( Reuters ) - Tajikistan is launching a crackdown on witchcraft and fortune-telling as part of an anti-poverty drive after earlier banning lavish weddings and expensive funerals.
Occultism is on the rise in Muslim Tajikistan. It is the poorest nation in ex-Soviet Central Asia, borders Afghanistan and was ravaged by a 1992-97 civil war. Queues to see sorcerers are often longer than those for regular doctors.
"Those indulging in sorcery and fortune-telling shall be fined between 30 and 40 times the minimum monthly wage (85 to 113 pounds)," says the text of a draft law backed by the lower chamber of the Tajik parliament on Wednesday and obtained by Reuters.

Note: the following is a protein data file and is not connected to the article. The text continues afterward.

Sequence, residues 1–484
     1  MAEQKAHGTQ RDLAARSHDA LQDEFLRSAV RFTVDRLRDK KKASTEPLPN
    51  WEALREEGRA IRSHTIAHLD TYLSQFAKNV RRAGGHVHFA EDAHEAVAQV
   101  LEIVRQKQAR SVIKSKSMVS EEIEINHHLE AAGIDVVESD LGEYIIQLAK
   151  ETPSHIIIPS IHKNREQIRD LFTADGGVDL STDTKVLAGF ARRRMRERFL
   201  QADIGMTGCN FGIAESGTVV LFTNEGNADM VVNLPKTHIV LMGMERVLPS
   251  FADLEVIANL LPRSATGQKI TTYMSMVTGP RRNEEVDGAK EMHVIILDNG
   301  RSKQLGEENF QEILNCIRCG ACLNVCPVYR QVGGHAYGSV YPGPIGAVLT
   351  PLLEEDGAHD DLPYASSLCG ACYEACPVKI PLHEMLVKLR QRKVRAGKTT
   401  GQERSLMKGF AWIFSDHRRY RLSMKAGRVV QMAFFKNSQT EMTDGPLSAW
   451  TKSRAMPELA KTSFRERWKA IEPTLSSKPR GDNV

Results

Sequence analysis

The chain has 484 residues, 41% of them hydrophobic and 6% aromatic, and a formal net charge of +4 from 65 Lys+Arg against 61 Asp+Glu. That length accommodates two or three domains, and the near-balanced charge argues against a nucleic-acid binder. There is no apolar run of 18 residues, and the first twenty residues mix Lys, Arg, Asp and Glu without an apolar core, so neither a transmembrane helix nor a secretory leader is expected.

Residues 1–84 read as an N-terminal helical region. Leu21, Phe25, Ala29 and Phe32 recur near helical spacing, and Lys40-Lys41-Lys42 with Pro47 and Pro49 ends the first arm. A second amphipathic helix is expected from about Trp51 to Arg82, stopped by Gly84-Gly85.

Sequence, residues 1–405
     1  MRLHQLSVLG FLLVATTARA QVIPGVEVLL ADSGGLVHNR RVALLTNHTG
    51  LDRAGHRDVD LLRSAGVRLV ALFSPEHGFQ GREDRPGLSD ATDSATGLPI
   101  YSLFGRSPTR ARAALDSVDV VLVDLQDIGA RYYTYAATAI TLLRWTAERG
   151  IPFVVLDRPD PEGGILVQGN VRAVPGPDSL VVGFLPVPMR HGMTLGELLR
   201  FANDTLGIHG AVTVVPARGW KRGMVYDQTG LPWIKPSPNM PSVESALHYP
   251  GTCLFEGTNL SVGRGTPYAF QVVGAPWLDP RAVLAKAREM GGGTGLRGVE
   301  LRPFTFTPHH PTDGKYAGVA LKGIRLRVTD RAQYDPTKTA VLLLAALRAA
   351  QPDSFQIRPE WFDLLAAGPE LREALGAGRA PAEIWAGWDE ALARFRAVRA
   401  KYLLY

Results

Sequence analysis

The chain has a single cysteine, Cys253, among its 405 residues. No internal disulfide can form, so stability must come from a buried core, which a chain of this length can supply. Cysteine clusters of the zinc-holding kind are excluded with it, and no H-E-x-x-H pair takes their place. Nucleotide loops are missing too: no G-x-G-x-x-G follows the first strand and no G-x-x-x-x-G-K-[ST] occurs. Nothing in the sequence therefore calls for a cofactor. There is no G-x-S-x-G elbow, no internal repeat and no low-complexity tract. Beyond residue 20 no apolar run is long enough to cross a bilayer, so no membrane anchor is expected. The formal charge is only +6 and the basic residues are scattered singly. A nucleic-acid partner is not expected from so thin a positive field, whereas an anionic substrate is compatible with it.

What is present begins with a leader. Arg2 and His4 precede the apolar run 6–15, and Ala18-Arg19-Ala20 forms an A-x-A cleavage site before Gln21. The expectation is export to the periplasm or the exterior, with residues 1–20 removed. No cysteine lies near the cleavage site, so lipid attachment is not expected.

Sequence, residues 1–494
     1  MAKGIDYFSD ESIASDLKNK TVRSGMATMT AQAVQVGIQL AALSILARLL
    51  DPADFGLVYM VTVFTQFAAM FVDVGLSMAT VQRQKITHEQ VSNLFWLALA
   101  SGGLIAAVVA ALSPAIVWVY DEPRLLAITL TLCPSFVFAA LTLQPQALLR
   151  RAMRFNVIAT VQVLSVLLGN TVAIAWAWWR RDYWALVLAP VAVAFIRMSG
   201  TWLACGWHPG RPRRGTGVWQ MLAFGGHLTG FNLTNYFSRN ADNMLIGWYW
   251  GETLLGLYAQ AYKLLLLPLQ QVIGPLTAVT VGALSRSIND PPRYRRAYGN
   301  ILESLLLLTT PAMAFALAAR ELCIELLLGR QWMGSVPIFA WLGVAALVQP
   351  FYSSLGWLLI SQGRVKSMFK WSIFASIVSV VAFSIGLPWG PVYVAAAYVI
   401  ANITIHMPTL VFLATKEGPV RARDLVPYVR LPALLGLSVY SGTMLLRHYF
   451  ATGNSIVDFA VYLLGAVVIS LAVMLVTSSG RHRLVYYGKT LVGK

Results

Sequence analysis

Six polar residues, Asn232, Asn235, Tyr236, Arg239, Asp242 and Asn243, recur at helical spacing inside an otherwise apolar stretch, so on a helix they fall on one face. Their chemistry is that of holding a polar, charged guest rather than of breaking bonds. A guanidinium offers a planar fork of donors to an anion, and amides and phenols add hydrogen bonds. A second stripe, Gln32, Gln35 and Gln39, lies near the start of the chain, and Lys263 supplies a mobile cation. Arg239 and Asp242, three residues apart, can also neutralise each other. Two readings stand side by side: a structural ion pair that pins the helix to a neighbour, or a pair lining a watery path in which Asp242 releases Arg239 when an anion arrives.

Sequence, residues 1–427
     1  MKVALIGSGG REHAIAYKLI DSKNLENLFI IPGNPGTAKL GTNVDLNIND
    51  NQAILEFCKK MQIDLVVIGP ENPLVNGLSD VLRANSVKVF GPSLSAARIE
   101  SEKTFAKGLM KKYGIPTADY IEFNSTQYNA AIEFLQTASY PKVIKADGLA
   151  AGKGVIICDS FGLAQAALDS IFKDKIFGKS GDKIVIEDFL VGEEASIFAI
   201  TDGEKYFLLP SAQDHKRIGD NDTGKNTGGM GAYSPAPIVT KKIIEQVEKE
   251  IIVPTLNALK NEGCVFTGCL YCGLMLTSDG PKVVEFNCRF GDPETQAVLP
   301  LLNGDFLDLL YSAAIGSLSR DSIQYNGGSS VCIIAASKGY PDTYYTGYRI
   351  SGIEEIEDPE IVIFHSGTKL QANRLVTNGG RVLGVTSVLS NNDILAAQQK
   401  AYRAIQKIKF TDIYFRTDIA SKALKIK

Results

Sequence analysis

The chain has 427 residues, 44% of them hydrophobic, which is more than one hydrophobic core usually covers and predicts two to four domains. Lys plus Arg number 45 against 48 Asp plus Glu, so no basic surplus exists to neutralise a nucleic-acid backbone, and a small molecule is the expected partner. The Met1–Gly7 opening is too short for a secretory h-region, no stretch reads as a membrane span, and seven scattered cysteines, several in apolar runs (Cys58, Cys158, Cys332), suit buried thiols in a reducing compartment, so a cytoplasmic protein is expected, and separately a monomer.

The draft law has to be passed by the upper house and signed by President Imomali Rakhmon to become law. But this is widely seen as a formality.
Rakhmon, in power since 1992, earlier this year imposed heavy fines on extravagant weddings and funerals. He set out strict limits for the ceremonies, including the number of guests, meals and cars.
He also ordered the Tajik anti-corruption watchdog to investigate the incomes of students riding in expensive cars or using posh cell phones.